For me it’s usually like a dream-state or something. An idea, an inspiration of emotional origin but mental content. Something I want to say. Something I want to shout from the bleachers. I really think it’s a combination of left brain stream of consciousness (words), and right brain ideas and concepts + emotions. They have to be in sync or it’s a mess. Making it work with a musical idea can be challenging if it doesn’t come along with a melody or rhythm. Sometimes imagining the performing of this new piece on a stage can help. “Theater of the Mind” and all that fun stuff.
It seems that your writing ability is not the issue, but your own assessment of it. Not sure how you get around that one without a complete change of mental attitude.
Why don’t you write and record something regardless of your misgivings and post it to BTR? You may be surprised by the reaction, and you never know, that reaction may be enough to start a change in your attitude.
BTW when we (Salem) write songs for an album there is no intention of sticking to one genre. Whatever we write, we record. It just so happens that nine times out of ten the song turns out to be rock/metal because that’s what we love but we don’t limit ourselves to the genre at the onset.
I have no problem writing songs. Chord sequences, melodies, arrangements - and especially lyrics - come very easily to me. Of course, that is no indication of the quality of those songs, but that discussion belongs on BTR.
The only reason I say this is because on this thread I see a lot of (what I interpret to be) low self esteem and crippling self-deprecation.
I think a lot of this stems from the self-inflicted pressure to be ‘original’, I see this so often in my studio with bands and artists.
“Our” music is Western Art Music. For all intents and purposes, there is no other type. Because of the way WAM is structured, there are no original chord sequences left, and probably no original melodies. So if you’re worried that someone else may have already ‘done’ what you have written, you’re right. But it’s time to get over that fact. It doesn’t stop people like McCartney, Jack Blades and countless others from writing, so it shouldn’t stop you.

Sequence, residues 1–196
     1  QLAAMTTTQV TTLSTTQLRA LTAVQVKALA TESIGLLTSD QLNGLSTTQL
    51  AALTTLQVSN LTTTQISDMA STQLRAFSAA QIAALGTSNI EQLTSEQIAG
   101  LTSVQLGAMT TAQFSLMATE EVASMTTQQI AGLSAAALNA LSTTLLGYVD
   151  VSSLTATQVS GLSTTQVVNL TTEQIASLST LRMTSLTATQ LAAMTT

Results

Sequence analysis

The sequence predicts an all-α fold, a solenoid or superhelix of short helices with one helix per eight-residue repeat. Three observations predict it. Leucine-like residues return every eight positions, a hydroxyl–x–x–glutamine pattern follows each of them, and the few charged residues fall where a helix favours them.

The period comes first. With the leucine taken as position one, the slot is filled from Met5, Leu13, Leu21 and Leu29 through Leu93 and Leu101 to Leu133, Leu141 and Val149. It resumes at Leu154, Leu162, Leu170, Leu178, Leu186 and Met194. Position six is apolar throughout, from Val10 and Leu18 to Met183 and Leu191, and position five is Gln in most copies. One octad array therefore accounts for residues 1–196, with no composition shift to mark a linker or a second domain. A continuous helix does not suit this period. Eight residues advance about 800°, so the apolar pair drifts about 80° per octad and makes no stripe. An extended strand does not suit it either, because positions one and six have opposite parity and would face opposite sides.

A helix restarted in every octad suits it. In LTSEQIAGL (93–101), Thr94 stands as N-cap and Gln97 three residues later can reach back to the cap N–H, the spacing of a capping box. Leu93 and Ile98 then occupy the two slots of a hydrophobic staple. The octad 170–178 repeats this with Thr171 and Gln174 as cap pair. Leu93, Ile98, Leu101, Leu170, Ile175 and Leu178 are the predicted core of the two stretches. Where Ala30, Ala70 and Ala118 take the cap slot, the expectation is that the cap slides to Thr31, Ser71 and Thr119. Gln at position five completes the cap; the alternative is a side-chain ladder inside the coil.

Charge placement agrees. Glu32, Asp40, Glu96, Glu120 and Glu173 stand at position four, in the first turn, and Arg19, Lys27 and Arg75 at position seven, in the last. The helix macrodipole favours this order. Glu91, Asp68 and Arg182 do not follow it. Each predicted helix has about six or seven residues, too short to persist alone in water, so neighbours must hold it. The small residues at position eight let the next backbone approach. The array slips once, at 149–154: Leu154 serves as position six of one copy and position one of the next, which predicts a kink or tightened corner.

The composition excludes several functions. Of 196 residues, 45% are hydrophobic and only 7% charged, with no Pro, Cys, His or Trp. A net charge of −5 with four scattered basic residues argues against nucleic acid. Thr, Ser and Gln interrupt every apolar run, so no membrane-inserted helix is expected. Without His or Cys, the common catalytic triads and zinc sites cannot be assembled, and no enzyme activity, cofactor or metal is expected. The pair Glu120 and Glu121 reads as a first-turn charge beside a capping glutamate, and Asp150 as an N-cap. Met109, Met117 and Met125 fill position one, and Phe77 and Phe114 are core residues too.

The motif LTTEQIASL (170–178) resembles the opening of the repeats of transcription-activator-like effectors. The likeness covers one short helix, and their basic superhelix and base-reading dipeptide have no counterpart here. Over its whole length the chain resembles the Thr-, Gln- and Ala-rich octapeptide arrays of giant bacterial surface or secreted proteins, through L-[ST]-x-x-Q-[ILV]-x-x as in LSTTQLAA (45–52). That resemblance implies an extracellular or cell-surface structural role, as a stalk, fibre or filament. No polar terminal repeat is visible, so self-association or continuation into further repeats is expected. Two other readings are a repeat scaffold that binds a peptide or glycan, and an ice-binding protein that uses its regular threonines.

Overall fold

With lyrics, you have a greater chance of being original, but again, I see many people crippling themselves through the belief that whatever they write should be show-stopping. Nothing could be further than the truth. Just write it down and stop worrying about it. Look at all the bog standard lyrics that accompany most commercial songs. “Da doo ron ron” I mean, even a six year old child could do that.
As for subjects to write about…
You can write about millions of things, literally anything. But this fact in itself can be daunting, I know. So try narrowing down your options. Try this: watch the news and pick the story that you can relate to the most through personal experience. Then write your lyrics. Honestly, it’s not difficult. Just try not to get too specific. The more ambiguous you are about the subject, the more people will be able to relate to it. And here is something you will discover - when people ask you what the song is about, and you explain the lyrics to them, they are invariably very impressed.
Here’s the kicker - you strive so hard to be original, but if you truly achieved that, the chances are that no-one would like your song. The reason people like songs is because they have a melody/sound/chord structure that is reminiscent of one they already like. They may not be able to name that song (if they can, the chances are you have got a little too close to the original) but the familiarity brings them a warm fuzzy feeling.